I agree with Meredith Russo when she says that Amanda’s story was simplified (since Amanda was overtly feminine, liked only boys, and decided to use both hormones and surgery to help her body to match her gender identity). I also agree with Russo’s *reason* for simplifying Amanda’s story — to remove some of the barriers that might keep readers from understanding and empathizing with the struggles of a young trans girl. Despite the fact that the story was more simplified than it could have been, nonetheless, I think it still has the potential to really open some people’s eyes to the more hidden struggles of trans youth. How most trans youth grow up hating their bodies because they don’t match what their brains are telling them. How they have to worry whether their friends and family will support or abandon them when they try to live as their authentic selves. And, especially, how they have to worry about whether this sensitive information will be leaked to people who would make them a target of hatred and violence. My heart was broken when Amanda’s dad tried to explain how hard it was for him to think about what could happen if the wrong people learned the truth. But this book was not all heartache and pain. There was also a good amount of love, both friendly and romantic. Yeah. This book had #AllTheFeels!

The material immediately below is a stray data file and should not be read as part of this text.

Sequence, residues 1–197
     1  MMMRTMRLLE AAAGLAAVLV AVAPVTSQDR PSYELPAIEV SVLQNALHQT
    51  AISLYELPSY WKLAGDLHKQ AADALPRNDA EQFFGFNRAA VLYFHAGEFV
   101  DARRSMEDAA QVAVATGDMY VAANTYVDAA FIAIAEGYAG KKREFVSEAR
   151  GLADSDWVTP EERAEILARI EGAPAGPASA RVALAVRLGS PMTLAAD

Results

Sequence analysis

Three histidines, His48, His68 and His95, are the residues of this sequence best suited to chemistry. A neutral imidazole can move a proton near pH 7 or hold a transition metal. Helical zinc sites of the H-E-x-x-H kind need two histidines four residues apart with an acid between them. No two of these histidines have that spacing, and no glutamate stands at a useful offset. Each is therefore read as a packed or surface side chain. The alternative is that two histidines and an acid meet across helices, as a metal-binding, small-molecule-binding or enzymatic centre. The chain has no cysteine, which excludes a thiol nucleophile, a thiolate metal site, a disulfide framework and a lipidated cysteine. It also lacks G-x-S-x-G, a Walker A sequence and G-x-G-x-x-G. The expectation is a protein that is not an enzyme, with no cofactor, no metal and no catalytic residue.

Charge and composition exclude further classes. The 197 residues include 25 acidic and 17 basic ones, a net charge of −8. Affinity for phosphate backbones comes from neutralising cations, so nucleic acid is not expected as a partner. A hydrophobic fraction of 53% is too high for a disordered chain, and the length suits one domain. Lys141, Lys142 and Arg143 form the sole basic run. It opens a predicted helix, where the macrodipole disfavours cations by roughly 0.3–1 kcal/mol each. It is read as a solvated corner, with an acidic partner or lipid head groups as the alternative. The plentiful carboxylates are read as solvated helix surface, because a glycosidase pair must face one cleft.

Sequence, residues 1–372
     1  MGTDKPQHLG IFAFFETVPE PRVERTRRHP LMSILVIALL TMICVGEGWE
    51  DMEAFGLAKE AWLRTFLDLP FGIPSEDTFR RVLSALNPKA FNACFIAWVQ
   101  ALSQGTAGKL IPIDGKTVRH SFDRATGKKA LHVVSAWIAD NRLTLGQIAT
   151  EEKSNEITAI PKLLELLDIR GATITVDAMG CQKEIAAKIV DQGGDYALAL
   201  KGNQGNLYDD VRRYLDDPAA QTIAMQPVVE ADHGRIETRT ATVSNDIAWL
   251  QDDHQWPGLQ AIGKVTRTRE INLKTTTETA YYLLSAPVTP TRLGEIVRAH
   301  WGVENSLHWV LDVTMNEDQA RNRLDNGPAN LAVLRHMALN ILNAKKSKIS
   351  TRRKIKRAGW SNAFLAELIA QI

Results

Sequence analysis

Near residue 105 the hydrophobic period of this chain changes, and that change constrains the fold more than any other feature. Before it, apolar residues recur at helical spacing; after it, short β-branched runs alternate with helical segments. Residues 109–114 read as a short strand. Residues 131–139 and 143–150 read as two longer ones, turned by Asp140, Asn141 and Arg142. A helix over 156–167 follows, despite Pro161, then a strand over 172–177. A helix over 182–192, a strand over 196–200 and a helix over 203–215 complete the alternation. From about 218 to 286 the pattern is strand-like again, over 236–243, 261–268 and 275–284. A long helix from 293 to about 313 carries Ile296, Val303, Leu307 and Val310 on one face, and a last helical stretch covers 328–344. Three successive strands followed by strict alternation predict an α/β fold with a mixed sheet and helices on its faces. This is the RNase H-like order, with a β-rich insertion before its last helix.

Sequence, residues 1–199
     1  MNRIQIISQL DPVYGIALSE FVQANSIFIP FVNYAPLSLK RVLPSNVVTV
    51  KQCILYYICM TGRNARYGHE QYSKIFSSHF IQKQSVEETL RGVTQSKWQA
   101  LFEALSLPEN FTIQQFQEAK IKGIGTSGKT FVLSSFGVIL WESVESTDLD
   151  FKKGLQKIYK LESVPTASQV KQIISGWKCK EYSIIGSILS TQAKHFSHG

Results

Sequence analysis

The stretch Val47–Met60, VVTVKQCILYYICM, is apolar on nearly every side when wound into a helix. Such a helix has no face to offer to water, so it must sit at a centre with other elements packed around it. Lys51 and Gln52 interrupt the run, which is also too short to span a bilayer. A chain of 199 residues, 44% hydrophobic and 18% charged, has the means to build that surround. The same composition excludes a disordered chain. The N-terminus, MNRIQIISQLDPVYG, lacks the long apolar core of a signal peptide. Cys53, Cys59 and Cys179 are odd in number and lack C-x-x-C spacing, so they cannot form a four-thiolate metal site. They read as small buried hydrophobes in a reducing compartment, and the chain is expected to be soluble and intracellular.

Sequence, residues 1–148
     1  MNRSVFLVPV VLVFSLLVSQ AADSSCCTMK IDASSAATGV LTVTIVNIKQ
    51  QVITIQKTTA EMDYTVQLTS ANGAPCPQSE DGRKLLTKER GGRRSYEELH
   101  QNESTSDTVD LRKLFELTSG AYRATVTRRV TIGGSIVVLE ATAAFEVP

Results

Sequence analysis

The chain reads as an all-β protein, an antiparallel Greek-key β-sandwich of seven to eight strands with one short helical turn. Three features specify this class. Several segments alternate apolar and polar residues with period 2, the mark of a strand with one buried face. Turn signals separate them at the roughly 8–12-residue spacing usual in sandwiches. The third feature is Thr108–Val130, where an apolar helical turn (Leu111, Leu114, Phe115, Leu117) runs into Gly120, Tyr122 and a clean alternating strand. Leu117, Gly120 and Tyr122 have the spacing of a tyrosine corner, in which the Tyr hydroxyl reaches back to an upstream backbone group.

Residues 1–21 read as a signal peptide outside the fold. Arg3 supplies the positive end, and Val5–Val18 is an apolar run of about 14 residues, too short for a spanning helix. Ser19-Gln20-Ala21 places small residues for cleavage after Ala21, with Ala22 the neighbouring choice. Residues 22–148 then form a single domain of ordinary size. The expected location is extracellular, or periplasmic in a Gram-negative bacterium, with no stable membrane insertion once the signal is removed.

After the end of the audiobook, there is a note from the author that she reads herself. Meredith Russo provides a plea for suicidal people to seek help. She even provides hotline information for transgender- and GLBTQ-sensitive hotlines. Since this story might be triggering to people who have felt suicidal, especially if they are a member of the GLBTQ community, I think this was a very important addition. I also appreciated how Russo goes on to talk about how every person is entitled to his/her/their own choices in how to reflect (or not) their gender identity. Every trans person is a valid trans person, whether they choose to have surgery or not. To take hormones, or not. Whether they are gay, straight, bisexual, or asexual. There is no one “right” way to be trans, just as there is no one “right” way to be human at all. Every person needs to be true to his/her/their identity and should feel safe enough to live life as his/her/their authentic self. I hope that young trans people will find and read this book to know they are not alone… and I hope that young people who are not trans will find and read this book to better understand the struggles of the trans community and so they can become allies.